Micron RealSSD C300 SATA III SSD Review - HotHardware

Micron RealSSD C300 SATA III SSD Review

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Performance Summary: The Micron RealSSD C300's performance was nothing short of impressive. In almost every benchmark / test we ran, the C300 finished well ahead of competing offerings from OCZ and Intel, even when the drive was connected via SATA II. With the RealSSD connected via SATA III, however, its performance was significantly improved--especially with regard to read throughput, where its margin of victory increased dramatically. Quite simply, the Micron C300 is the fastest SSD we have tested to date.

Over the past few months, a number of excellent solid state drives have landed in the HotHardware labs, each with their own strengths and weaknesses. There was a time when choosing one SSD over another meant making compromises in one area or another, but today that's not really the case.  Sure, synthetic benchmark tests will reveal one drive's technically superior performance over another with a given specific workload, but in terms of real-world, perceptible performance, there are a handful of excellent SSDs currently on the market that all significantly enhance the desktop computing experience over standard spinning hard drives.  Of course there is still the intrinsic cost trade-off that comes with any SSD on the market currently.


With that said, we'd love to add the Micron RealSSD C300 to the growing list of excellent SSDs currently being sold. Quite frankly it is one of, if not the most impressive solid state drives we have ever tested and its performance speaks for itself. Unfortunately, the drive isn't readily available just yet. But when this drive hits, it is going to be a serious contender. If Intel's X25-M Gen2 is a Manny Pacquiao, the Micron RealSSD C300 is Floyd Mayeather, and OCZ's Vertex is Sugar Shane--all pound for pound greats.

We're told, the 256GB model we tested here will carry an MSRP of $799. Pricey? Yes. But in terms of cost per gigabyte, the RealSSD C300 will be quite competitive at that price point  Comparative to Intel's 160GB X25-M which retails for around $480 currently (or $3/GB), the C300 weighs in at just a slight premium of $3.12 per GB. Current generation 256GB SSDs sell for approximately $750 as of today, which puts the C300's price premium of only about 6.7% above other, similarly sized SSDs. Looking back at the numbers, that extra few percentage points are well worth it in our opinion and this new SSD is worthy of our Editor's Choice award.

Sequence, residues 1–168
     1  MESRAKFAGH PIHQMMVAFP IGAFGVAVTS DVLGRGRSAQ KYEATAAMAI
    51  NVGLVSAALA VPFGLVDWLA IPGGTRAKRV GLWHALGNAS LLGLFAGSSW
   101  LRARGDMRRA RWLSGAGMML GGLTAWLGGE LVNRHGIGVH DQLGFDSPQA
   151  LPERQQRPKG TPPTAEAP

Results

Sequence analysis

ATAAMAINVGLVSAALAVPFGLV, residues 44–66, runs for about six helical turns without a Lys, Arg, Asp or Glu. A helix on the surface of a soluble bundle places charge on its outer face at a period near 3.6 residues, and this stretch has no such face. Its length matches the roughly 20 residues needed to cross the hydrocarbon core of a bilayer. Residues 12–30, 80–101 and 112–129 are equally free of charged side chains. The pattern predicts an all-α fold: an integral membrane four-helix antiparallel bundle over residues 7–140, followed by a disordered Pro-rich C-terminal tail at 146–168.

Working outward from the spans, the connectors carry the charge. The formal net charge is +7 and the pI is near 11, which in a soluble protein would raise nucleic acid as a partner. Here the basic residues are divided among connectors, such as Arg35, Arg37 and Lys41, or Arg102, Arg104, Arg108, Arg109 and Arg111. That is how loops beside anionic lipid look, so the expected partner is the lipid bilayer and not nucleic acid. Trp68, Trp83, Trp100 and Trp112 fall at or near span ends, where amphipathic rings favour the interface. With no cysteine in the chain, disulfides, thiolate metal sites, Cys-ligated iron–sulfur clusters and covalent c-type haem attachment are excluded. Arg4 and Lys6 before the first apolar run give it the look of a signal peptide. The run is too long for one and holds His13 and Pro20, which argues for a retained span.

• Extreme All-Around Performance
  • Large Capacity
  • SATA III Support
  • Strong Small File Transfers
  • Great Write Performance
  • Predictably Pricey
  • Not Yet Available

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That is some super fast SSD, i nearly peed my pants at those kick *** numbers it was putting out.  Looks like Micron came to play some real ball showing everyone else, what a SSD should really be able to do.  If only they were not so darned expensive...

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Dave and Marco, I believe you should call the interface "SATA 6G." (You kind of vacillate back and forth between that and "SATA III" in the article.) First of all, the SATA-IO wants you to (actually they prefer "SATA 6Gb/s", but heck with 'em); second, there's the confusion with the stated speed of the second generation which is 3 Gb/s. I know it's a minor point, I know everyone says "SATA II" instead of "SATA 3G;" but as SATA 6G becomes more wide-spread, it's something that will come up more often-- and I'm sure that Micron would prefer that the higher speed interface was given its due.

I also cringed a little when Marvell was mentioned. When SATA 6G was new, that company introduced a controller chip which several motherboard manufacturers rushed to put on their P55-based products-- and then rushed to take off. Several causes were blamed; Marvell said that it was problems supporting legacy PATA controls, others said the chips wouldn't reach 6G speeds. I suppose the proof is in the pudding, or rather the benchmarks; but for me it's like Toyota: sure they fixed that annoying "careening out of control" issue, but would you want to buy from them any time soon?

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I thought Micron was working with Intel on a couple projects right now anyway. You would think at least based on Intel's general QC, that some might bleed over to Micron. I would hate to pay for something as expensive as this one and have a blow out either way that's for sure.

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Thoser are some impressive numbers! Now if only I could get a pair for a RAID :-D

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Lol yeah two of these in RAID 0 would be FAST wouldn't they.

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Well you forgot Toshiba (their drives compete with Samsung drives in the OEM market) and SiliconDrive (now Western Digital  Solid Storage, who's drives closely match the Sand Force drives).  If you get around to it, I would love to see you bench one of the new SiliconDrive III's.

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The only question that I still have about SSD drives is how do there sustained rewrite speeds perform. I know TRIM is suppose to fix everything but, realistically do the speeds posted on all the reviews really maintain themselves. The only real true test to this is to do 12 or so back to back 10GB write tests. This way you can see the drive performance tail off as TRIM activates and your assured that the entire disk has been written at least once. In all honesty this is the true test of weather or not a SSD is ready for prime time or not. In most of my experience all of the SSD drives are lacking to that respect....

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